The New Student's Reference Work/Meridian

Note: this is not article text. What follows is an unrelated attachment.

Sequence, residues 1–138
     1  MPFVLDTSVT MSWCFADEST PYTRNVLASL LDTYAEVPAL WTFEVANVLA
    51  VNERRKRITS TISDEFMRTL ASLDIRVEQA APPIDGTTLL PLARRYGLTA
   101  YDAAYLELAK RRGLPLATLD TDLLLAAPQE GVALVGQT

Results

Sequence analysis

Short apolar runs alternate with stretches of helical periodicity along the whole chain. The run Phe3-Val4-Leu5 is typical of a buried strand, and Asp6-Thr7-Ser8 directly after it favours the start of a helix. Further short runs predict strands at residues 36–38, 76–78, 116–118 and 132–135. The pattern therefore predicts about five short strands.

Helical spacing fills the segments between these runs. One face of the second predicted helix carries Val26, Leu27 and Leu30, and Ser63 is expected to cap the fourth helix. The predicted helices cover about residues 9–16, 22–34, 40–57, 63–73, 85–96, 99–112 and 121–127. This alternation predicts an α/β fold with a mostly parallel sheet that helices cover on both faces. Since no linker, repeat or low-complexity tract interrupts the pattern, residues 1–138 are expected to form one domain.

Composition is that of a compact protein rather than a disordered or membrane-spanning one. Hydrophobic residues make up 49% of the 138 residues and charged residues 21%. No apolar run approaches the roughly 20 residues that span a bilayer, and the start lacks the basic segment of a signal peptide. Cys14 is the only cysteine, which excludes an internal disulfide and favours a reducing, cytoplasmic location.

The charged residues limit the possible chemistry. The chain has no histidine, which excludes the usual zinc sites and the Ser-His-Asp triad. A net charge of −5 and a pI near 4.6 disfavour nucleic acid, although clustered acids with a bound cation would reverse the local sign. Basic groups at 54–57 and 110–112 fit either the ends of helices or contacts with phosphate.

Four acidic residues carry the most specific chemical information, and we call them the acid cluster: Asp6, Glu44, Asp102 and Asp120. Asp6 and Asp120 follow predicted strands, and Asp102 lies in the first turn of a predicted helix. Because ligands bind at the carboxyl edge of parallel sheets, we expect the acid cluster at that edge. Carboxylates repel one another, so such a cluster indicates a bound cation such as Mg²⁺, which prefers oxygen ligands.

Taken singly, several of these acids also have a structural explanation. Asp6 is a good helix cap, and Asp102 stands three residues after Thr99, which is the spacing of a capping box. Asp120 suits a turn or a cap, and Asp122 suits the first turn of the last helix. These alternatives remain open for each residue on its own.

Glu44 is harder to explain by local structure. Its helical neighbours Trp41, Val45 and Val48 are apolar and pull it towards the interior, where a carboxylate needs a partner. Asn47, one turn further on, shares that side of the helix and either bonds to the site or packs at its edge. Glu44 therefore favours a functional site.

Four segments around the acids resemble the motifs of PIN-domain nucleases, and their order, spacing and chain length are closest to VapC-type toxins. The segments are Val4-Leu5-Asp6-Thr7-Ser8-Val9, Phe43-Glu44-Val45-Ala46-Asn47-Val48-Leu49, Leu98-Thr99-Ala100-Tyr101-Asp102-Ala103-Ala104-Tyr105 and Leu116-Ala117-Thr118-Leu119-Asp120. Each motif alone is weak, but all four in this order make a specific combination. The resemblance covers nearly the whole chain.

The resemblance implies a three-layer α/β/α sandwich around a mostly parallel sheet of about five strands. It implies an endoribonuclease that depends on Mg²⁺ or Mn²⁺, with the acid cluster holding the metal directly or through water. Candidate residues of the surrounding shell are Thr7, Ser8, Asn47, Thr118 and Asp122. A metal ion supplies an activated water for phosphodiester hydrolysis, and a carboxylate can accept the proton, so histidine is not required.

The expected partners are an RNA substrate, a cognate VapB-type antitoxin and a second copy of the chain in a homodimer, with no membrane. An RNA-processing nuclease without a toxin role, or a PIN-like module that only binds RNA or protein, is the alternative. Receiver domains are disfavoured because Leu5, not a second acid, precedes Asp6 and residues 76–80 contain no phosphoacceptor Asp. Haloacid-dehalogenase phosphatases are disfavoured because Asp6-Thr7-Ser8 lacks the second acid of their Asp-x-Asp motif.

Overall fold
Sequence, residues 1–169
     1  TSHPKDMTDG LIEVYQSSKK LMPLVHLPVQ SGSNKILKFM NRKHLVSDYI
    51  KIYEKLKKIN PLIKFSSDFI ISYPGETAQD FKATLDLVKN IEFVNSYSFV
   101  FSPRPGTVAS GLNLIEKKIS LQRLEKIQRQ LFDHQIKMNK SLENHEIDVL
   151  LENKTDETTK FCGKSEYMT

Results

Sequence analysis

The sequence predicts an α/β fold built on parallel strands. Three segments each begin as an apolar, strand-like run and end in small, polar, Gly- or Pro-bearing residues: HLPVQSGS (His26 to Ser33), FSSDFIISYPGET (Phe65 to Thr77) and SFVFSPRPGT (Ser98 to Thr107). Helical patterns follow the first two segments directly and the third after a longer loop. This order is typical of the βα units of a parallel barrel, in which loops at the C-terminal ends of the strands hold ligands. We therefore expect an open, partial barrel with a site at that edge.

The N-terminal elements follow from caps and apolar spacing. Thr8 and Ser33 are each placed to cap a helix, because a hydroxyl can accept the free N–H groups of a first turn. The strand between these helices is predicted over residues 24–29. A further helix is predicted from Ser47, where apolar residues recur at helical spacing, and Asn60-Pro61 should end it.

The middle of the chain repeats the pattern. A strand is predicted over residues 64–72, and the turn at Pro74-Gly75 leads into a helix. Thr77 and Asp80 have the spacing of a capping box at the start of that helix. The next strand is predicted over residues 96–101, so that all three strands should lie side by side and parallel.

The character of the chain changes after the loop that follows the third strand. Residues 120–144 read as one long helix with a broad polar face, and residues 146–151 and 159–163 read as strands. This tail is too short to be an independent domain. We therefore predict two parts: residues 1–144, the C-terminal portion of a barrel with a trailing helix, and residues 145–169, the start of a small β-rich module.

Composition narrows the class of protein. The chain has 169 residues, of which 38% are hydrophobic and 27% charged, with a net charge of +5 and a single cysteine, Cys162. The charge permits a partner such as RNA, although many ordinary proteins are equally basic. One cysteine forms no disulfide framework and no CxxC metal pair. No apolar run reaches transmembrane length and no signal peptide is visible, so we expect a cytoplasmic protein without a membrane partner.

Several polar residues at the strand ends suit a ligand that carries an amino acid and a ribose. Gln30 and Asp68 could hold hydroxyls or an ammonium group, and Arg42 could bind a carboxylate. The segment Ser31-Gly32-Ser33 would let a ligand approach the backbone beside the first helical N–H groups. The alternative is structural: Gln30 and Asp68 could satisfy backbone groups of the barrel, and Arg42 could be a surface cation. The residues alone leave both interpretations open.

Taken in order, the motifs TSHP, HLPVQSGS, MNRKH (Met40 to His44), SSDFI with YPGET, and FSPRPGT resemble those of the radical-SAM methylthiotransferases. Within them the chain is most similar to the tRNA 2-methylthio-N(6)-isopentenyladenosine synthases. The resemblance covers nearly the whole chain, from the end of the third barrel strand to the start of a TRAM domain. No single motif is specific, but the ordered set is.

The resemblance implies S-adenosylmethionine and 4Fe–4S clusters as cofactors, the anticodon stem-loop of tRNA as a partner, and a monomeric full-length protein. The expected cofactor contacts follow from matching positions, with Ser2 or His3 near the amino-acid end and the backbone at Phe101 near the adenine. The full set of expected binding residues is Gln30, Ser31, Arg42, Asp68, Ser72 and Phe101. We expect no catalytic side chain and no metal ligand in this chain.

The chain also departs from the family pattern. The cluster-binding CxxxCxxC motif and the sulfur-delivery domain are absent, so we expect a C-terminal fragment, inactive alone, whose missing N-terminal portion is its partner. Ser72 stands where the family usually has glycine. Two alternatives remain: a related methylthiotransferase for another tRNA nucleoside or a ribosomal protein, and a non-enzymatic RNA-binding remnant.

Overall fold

Merid′ian, from meridies, midday, noon, is the great circle passing through the earth's surface and the celestial sphere, which passes through both poles of the heavens and the zenith and nadir of any place on the earth's surface. Every place, therefore, on the earth's surface has its own meridian. When the center of the sun comes upon the meridian of any place it is midday or noon there. But, as it is midday at all places directly under that meridian, it is midnight at all places directly opposite upon the other side of the globe. All places under the same meridian therefore have the same longitude. Stars are measured as to their distance from the celestial meridian. In making a map some place is arbitrarily chosen, as Greenwich or Washington, from which longitude is computed by measuring the distances in degrees of their meridians from each other. Since the vast development of railways in the United States it has become more and more important to have all watches mark the same time within certain geographical limits. In consequence, certain meridians have been chosen by the railway authorities as standards of time; and all watches between such meridians, one hour of the sun's journey apart, are set alike. When the distance between two such standard meridians has been traversed, timepieces are so reset as take up or strike off an hour.